It results in negative repercussions for the entire economy. For, if there’s saving discouragement, there will be fewer funds for investment use. This implies less economic growth, affecting the entire economy. Thus, it can be considered unfair to depress the economy and all agents within it, through misjudged capital income tax policy. Therefore, it can be argued the best way to tax an economy’s wealthiest is via consumption and not investment – because, whilst minimising distortion, you may maximise fairness.

The theory of optimal fiscal policy, where capital income taxation equals zero, is based around standard dynamic general equilibrium models – with broad assumptions concerning preferences and technology. The idea that optimal long run capital income tax is zero was shown by Chamley (1986), using simple exogenous growth models (though, it’s also been shown to hold for steady state and endogenous growth), in the context of a deterministic infinitely lived agent economy. Heterogeneity was introduced into similar frameworks by Judd (1985), where primary issues involved redistribution.

In deed, Judd (1985) also concluded optimal capital income tax to be zero, with certain assumptions. This is why the often-titled Chamley-Judd result is considered consistent and robust. As we shall see, many other studies have extended this result to other environments. Chamley’s (1986) basic result is that, in long run steady state, optimal capital income tax rate is zero. In practice, we should interpret this as implying capital income tax should be forced to zero.

As, even if it were optimal to have zero capital income tax, it would take time to implement. Atkeson, Chari and Kehoe (1999) suggest an extended version of Chamley’s model, suggesting it would be optimal to have an initial phase of positive capital income tax (perhaps, to allow governments to build a surplus for use when capital income tax equals zero). This phase may correspond to an implementation lag, suggesting the process of removing capital income taxation – to achieve the Chamley result – should start immediately.

The claim (that zero capital income tax is optimal in the long run) derives from the standard Ramsey infinite horizon model – where it’s required that after-tax real interest rate equals exogenous consumer rate of time preference in equilibrium. A horizontal long run capital supply curve (and an infinitely high long run interest elasticity of supply) is implied by such long run constancy of after tax interest rates. However, is infinitely high savings elasticity possible? As most empirical work suggests interest elasticity of saving is low, it’s hard to believe.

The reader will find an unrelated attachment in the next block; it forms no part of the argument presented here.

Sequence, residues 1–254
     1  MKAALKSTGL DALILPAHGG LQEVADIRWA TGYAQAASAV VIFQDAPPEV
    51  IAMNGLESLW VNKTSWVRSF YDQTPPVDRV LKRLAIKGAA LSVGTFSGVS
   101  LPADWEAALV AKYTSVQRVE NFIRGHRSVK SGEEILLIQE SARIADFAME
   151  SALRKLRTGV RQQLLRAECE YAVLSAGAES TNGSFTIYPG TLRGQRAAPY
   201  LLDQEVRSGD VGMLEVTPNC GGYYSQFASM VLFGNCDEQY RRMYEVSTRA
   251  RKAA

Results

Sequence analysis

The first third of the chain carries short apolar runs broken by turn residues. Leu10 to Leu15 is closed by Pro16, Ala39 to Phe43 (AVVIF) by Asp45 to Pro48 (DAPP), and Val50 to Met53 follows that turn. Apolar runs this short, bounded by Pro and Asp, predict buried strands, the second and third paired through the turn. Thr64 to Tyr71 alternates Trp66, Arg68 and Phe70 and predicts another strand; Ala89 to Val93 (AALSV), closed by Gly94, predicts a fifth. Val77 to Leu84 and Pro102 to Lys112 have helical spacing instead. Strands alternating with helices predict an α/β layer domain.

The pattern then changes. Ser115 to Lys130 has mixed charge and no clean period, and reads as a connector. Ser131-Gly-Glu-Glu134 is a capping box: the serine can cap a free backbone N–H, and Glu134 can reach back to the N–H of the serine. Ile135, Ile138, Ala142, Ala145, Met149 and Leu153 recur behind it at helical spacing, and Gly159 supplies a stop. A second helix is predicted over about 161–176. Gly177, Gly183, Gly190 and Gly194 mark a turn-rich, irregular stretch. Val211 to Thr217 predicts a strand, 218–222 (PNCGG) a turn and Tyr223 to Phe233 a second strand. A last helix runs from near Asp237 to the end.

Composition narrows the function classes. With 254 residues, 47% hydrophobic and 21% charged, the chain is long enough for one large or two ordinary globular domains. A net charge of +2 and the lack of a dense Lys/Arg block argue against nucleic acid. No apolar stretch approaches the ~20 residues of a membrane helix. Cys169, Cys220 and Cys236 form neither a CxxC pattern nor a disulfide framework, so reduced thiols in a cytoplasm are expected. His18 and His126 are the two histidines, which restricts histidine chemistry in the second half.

Therefore, can we believe optimal capital income tax equals zero? Why might we doubt that the optimal capital income tax is roughly equal to zero? Noting that governments actually implement high rates of capital income taxation (in the US, between 1965-95, the average rate was found to be 35. 4%), it would be of interest for us to know why governments may not enforce a zero capital income tax policy. Initial reasons to doubt the zero capital income tax optimal result may be consequential of the fact that it – derived via theory based modelling – relies on certain assumptions.

Firstly, whilst generous, available tax sets are assumed incomplete. Secondly, standard modelling concerns situations where tax policy changes affect endogenous variables, such as output, but don’t influence consumption expenditure changes – spending is assumed exogenous. Though standard, such assumptions aren’t realistic. For instance, government expenditure is endogenous – particular expenditure may depend on tax revenue generated. Within a model (Auerbach-Kotlikoff) economy, it’s been shown that general classes of consumer preference conditions violate conditions supposedly sufficient for a zero capital income tax rate.

Thus, it seems, where governments only have access to minimal sets of policy instruments and where all face equal proportional taxes, fiscal policy implies optimal capital income taxation is non-zero. Still, with a more general class of utility functions and under conditions allowing a government to be unconstrained by finite numbers of instruments, the conditions necessary for an optimal zero capital income tax rate are satisfied. Also, as shown by Escolano (1992), such a result doesn’t rely on assumptions regarding relations between government and individual discount factors – as previously suggested.